Tricumen A Few Myths And Truths About Investment Banking 05 Jan12


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Tricumen A Few Myths And Truths About Investment Banking 05 Jan12

  1. 1. A Few Myths and Truths about Investment Banking and theFinancial Crisis(Cambridge, 5 January 2012)There has been so much lazy journalism on the topic of banking over the last few years that we feltcompelled to compile the following to provide some sort of antidote to the groupthink that abounds.Myth 1 – Bankers caused the crisisReally? Leaving aside the wholesale failure of regulators, we ask: did all bankers cause the crisis? Itis a bit like saying that all journalists hack phones. Let’s see how many are really “to blame”. Thestaff at high street bank branches seem fairly innocent to us: indeed, we expect very few of them areallowed to decide anything without the head office computer’s say-so).Which brings us to people working in Wholesale Banking. Of those, many work in support roles;middle office functions helping to process trades, technology staff, finance staff producing reports andso on. It seems a little harsh to blame them, too, so we suggest focusing on the so-called “FrontOffice” staff. First, there are Advisory bankers, who help companies with M&A deals or raisingfinance. They didn’t cause any (or rather many) losses, so let’s exclude them, too. Which leaves justtraders and salespeople. But many of these individuals have been making money for banks rightthrough the crisis.In fact, it is only the Residential Mortgage Backed Securities (RMBS) staff - and a few very seniorexecutives - who can be said to be truly responsible: about 700 individuals across the Top 10investment banks.Pre-Crisis Staffing by function at Top 10 Investment Banks (2007, rounded figures, log scale) RMBS  staff  at  BSC,  L EH,  RBS,  Citi,  UBS RMBS  staff  at  Top  1 0  banks Front  Office  staff  at  Top  1 0  i nvestment  banks Wholesale  banking  staff  at  Top  1 0  banks 1 10 100 1,000 10,000 100,000 1,000,000Source: Tricumen.We’d further argue that it is only the staff at the RMBS units of five banks that are really to blame:Lehman Brothers, Bear Stearns, RBS (or, rather, ABN Amro that piled into RMBS market just beforeRBS purchased it), UBS and Citigroup.It is also worth taking a look at average annual revenue generated by RMBS teams in during 2005-2006. The losses suffered by each bank seem well correlated with the revenues they generated (ifscaled up ‘a little’!)Pre-Crisis Average annual RMBS-related revenue (2005/2006, Tricumen definitions)Rank Bank Average annual RMBS revenue1 Lehman Brothers $1.6bn2 Bear Stearns $1.2bn3 RBS $1.0bn4 UBS $0.7bn5 Credit Suisse $0.6bn6 Citigroup $0.6bn 5 January 2012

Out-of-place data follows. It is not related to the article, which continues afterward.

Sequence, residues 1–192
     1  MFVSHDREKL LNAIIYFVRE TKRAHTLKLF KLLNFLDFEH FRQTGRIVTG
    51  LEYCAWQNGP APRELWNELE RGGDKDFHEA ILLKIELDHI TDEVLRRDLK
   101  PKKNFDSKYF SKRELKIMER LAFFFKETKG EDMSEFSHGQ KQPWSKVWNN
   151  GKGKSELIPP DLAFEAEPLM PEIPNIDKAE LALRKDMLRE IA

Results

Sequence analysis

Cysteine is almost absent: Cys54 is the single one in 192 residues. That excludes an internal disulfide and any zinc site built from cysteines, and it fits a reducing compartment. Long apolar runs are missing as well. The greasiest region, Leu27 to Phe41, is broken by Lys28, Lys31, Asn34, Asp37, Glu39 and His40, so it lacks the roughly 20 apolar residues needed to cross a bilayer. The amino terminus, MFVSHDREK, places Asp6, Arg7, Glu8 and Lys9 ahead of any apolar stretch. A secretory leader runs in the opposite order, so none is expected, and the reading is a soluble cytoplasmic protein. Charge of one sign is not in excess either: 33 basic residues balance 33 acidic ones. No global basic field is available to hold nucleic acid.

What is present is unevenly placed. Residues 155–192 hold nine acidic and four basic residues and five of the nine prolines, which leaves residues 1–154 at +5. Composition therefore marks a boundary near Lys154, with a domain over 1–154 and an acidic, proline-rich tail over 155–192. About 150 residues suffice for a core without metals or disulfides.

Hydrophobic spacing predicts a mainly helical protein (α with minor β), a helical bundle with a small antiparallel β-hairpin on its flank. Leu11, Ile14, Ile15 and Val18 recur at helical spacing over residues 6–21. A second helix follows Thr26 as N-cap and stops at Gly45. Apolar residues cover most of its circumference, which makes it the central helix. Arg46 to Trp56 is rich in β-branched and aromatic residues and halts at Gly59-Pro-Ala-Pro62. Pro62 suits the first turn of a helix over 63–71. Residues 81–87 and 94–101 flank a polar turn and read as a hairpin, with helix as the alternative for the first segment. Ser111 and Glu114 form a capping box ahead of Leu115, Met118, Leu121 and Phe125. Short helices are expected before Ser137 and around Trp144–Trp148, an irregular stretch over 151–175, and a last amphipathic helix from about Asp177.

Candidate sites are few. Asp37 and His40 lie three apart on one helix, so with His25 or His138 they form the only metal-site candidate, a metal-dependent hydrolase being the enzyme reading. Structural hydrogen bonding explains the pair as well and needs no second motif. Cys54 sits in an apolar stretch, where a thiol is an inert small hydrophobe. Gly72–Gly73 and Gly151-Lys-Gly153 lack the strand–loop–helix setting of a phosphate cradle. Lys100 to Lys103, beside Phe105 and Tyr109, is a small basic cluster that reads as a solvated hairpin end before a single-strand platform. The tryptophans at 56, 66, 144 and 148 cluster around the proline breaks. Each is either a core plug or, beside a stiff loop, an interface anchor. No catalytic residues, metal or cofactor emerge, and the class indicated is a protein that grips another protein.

2. 2. 7 Goldman Sachs $0.5bnSource: Tricumen.But stop! Look again: Credit Suisse and Goldman Sachs are on the list – and they both came out ofthe crisis relatively unscathed! It turns out both banks saw the warning signs and exited the market.The key to this was simply that they saw a trend emerging of small P&L losses on the RMBS tradingbook; having spotted this trend, the management quickly took the decision to get out. We note thateach bank’s decision was based on a principles-based judgement, and not a “stress test”, or a set ofrules. This is why we believe that most, if not all, attempts to regulate against future banking criseswith enhanced rules and more detailed reporting requirements will ultimately prove futile. Oursuggestion for the regulators would be this: “Look where the money is being made, and if it looks toogood to be true, then……”.Truth 1 – The Sub-Prime business was “not a good thing”In the US, the big drive was for home ownership. Mortgages were made aplenty and thesecuritisation techniques of the RMBS market allowed the risk to be distributed to investors accordingto their risk appetite. Contrary to what many have said, we believe that this was “a good thing”. Thecost of a mortgage dropped and for the “Prime” market the system worked well. In fact the investordemand for RMBS product outstripped the capability of the “Prime” market to support it. So bankslooked at “Sub Prime”. It was the flawed business model of Sub-prime that first led to losses, then tomass-selling of mortgage backed securities, and finally to panic that pushed LIBOR rates so high thatbanks like Lehman Brothers ultimately could not fund themselves.How did the “Sub Prime” market work? In essence, it involved selling mortgages with low initialinterest rates to home buyers who lived on predominantly black estates. After the expiry of theintroductory period, the initially low interest rates jumped up to market levels. Banks would typicallymove to cover losses by foreclosing on the property and selling it. Setting aside the human misery,this worked well from a financial perspective …… BUT only as long as house prices were rising. Welooked at the mechanics of this market back in 2006 and were appalled at the cold efficiencydisplayed by banks like Lehman Brothers. For example: Collection calls started as soon as a “Sub Prime” mortgage holder was 2 days late with payments. These calls were made not by a human being, but by an “auto-dialling computer system”. After a number of automated calls, automated letters were sent. In these, the smallest of nods was made to Spanish speakers as the letters contained a paragraph in Spanish, which informed the borrower as to the severity of the letter and suggested that the borrower contact the loan servicing arm of Lehman to have the letter translated. Even when the homeowner got to speak to a human being, the operator had little time for them as each staff member in the foreclosure and bankruptcy departments handled an average of 200 and 620 files at any one time (‘a file’ is, of course someone’s house, someone’s life!); Eviction time averaged 52 days; It then took an average of 136 days before the empty house was sold. 2/4 5 January 2012